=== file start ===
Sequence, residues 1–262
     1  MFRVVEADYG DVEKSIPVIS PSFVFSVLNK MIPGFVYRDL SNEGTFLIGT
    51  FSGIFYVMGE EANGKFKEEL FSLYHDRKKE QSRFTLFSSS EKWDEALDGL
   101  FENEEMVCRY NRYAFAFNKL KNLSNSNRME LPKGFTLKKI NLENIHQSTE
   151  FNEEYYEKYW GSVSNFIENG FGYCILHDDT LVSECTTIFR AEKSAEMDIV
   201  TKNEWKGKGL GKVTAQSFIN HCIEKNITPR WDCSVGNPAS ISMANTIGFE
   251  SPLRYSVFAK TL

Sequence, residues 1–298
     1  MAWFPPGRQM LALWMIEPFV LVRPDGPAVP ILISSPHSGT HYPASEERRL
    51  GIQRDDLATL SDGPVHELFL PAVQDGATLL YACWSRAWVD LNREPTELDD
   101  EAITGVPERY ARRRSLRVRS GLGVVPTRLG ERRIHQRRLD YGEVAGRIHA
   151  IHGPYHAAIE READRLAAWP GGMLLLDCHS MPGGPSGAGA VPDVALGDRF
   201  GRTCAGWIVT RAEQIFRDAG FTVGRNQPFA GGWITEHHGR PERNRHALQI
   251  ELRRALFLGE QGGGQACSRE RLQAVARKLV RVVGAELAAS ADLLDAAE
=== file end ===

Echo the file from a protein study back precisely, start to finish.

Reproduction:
Sequence, residues 1–262
     1  MFRVVEADYG DVEKSIPVIS PSFVFSVLNK MIPGFVYRDL SNEGTFLIGT
    51  FSGIFYVMGE EANGKFKEEL FSLYHDRKKE QSRFTLFSSS EKWDEALDGL
   101  FENEEMVCRY NRYAFAFNKL KNLSNSNRME LPKGFTLKKI NLENIHQSTE
   151  FNEEYYEKYW GSVSNFIENG FGYCILHDDT LVSECTTIFR AEKSAEMDIV
   201  TKNEWKGKGL GKVTAQSFIN HCIEKNITPR WDCSVGNPAS ISMANTIGFE
   251  SPLRYSVFAK TL

Sequence, residues 1–298
     1  MAWFPPGRQM LALWMIEPFV LVRPDGPAVP ILISSPHSGT HYPASEERRL
    51  GIQRDDLATL SDGPVHELFL PAVQDGATLL YACWSRAWVD LNREPTELDD
   101  EAITGVPERY ARRRSLRVRS GLGVVPTRLG ERRIHQRRLD YGEVAGRIHA
   151  IHGPYHAAIE READRLAAWP GGMLLLDCHS MPGGPSGAGA VPDVALGDRF
   201  GRTCAGWIVT RAEQIFRDAG FTVGRNQPFA GGWITEHHGR PERNRHALQI
   251  ELRRALFLGE QGGGQACSRE RLQAVARKLV RVVGAELAAS ADLLDAAE